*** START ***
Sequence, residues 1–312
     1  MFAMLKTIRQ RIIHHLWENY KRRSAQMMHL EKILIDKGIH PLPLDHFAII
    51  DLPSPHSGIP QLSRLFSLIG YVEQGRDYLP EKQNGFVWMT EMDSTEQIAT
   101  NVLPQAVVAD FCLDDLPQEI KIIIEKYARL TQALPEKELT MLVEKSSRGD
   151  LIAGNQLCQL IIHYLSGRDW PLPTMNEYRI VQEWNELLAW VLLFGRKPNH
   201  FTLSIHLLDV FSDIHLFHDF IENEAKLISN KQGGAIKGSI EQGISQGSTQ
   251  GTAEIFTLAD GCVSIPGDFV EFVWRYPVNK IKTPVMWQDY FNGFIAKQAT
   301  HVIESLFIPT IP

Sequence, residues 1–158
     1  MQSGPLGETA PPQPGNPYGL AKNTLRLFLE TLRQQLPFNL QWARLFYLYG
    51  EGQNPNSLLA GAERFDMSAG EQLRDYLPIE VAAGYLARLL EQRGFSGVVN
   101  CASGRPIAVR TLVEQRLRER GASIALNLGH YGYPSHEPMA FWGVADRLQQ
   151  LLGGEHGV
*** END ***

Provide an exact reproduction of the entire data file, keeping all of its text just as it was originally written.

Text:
Sequence, residues 1–312
     1  MFAMLKTIRQ RIIHHLWENY KRRSAQMMHL EKILIDKGIH PLPLDHFAII
    51  DLPSPHSGIP QLSRLFSLIG YVEQGRDYLP EKQNGFVWMT EMDSTEQIAT
   101  NVLPQAVVAD FCLDDLPQEI KIIIEKYARL TQALPEKELT MLVEKSSRGD
   151  LIAGNQLCQL IIHYLSGRDW PLPTMNEYRI VQEWNELLAW VLLFGRKPNH
   201  FTLSIHLLDV FSDIHLFHDF IENEAKLISN KQGGAIKGSI EQGISQGSTQ
   251  GTAEIFTLAD GCVSIPGDFV EFVWRYPVNK IKTPVMWQDY FNGFIAKQAT
   301  HVIESLFIPT IP

Sequence, residues 1–158
     1  MQSGPLGETA PPQPGNPYGL AKNTLRLFLE TLRQQLPFNL QWARLFYLYG
    51  EGQNPNSLLA GAERFDMSAG EQLRDYLPIE VAAGYLARLL EQRGFSGVVN
   101  CASGRPIAVR TLVEQRLRER GASIALNLGH YGYPSHEPMA FWGVADRLQQ
   151  LLGGEHGV